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Divided Greeks Vote
World Economy

Divided Greeks Vote

Greeks voted on Sunday in a referendum that could determine their future in Europe's common currency, with banks shuttered, the treasury empty and a population desperate, angry and so deeply split.

The governing radical-left Syriza party has criticized the bailout terms as humiliating. Its leading figures say rejecting the terms could give them more leverage in talks over the country's massive debt.

However, international creditors have warned that a "No" vote could choke off vital funding for Greek banks and lead to "Grexit"–a chaotic departure from the common European currency.

The "Yes" campaign has framed the vote in just such terms–as a referendum on Greek membership of the eurozone.

EU Promises Help

Europe will not "desert" the people of Greece regardless of the outcome of Sunday's referendum and may provide it emergency loans, the head of the European Parliament said Sunday.

Martin Schulz told Germany's Welt am Sonntag newspaper that the Athens government had maneuvered the heavily-indebted country "into a dead end".

"Perhaps we will have to give emergency bridging loans to Greece so that public service can be maintained and needy people get the money they need to survive," he said.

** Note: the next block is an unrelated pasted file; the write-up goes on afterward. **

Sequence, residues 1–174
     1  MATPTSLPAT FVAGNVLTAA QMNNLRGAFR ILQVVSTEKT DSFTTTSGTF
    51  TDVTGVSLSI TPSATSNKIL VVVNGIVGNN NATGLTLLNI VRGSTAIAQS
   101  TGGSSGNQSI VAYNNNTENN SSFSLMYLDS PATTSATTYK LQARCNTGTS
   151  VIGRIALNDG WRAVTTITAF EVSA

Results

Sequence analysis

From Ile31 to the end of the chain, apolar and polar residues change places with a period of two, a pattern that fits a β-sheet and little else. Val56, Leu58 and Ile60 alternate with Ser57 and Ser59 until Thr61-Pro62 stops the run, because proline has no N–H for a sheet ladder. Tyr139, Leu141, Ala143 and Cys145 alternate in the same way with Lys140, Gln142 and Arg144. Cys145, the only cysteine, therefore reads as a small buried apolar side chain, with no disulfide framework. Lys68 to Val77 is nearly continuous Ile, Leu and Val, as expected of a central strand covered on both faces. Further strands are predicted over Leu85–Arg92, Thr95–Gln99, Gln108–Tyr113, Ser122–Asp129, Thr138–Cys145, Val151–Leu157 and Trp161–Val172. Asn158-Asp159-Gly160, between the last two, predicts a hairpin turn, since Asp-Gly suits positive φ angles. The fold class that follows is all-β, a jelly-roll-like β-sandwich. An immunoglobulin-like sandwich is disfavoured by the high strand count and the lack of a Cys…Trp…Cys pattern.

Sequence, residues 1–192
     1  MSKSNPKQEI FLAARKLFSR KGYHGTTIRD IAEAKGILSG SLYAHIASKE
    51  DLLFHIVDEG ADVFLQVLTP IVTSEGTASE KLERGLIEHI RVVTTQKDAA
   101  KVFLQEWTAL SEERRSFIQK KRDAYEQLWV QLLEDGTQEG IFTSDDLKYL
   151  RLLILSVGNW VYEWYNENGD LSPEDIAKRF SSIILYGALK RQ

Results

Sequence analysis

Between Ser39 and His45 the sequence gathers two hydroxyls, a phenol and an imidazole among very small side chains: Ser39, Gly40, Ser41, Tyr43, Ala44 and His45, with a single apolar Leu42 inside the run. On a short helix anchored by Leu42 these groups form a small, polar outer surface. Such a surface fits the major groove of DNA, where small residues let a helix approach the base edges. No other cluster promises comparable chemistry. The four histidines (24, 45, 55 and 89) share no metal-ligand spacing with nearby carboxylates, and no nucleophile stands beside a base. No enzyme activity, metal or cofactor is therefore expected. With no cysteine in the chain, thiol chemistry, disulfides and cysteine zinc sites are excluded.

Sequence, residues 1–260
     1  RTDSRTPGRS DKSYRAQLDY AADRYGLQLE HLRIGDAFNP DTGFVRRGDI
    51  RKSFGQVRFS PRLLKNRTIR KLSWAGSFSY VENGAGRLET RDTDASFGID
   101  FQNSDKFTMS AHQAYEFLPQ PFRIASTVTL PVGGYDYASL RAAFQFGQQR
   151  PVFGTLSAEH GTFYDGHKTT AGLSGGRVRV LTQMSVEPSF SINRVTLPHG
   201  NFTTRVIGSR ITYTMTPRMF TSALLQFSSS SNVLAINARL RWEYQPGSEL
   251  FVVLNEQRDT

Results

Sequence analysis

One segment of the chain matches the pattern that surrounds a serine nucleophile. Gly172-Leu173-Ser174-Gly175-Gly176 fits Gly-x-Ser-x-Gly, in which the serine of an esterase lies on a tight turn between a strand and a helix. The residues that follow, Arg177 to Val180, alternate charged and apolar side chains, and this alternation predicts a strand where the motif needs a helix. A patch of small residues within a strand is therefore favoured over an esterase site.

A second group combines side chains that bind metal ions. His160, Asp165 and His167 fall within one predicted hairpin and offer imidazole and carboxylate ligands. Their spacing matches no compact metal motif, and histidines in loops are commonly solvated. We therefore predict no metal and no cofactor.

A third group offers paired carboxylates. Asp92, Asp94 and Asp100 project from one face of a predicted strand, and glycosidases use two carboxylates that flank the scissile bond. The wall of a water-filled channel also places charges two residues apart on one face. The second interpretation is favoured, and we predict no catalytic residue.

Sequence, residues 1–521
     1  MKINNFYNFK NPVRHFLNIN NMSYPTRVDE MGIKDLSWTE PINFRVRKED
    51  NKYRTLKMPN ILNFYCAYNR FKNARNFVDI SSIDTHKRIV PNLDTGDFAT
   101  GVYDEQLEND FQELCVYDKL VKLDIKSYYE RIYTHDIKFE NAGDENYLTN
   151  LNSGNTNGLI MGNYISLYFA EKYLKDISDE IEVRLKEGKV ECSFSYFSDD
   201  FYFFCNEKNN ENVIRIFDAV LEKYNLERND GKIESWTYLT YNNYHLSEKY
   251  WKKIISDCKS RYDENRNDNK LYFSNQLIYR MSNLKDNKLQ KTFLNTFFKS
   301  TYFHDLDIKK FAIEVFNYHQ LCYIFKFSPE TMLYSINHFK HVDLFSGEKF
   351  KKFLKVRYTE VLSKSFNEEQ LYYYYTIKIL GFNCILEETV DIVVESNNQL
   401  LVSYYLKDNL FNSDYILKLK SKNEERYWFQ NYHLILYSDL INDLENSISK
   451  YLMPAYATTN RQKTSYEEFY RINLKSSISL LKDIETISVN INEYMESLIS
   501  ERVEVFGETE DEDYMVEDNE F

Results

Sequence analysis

"For that, money would be available short term in Brussels," the European Parliament president said in the interview. But he warned this would not be a lasting solution.

Meanwhile, UK Prime Minister David Cameron, Chancellor of the Exchequer George Osborne and Bank of England Governor Mark Carney will meet Monday to assess the fallout from Sunday’s Greek referendum.

“Whatever Greece decides, Britain is prepared,” Osborne told the BBC’s “Andrew Marr” program on Sunday. “We have the plans in place for whatever the outcome is, the prime minister will be chairing a meeting tomorrow morning with myself, the governor of the Bank of England, and others, to assess the situation.”

 “The Greek situation has an impact on the European economy, which has an impact on us,” said Osborne. “We cannot be immune from these developments, but it’s all the more reason why we’ve got to keep our house in order, run that budget surplus, pay down our debts, be better prepared for whatever the world throws at us, because clearly, the world can throw anything at us.”

 

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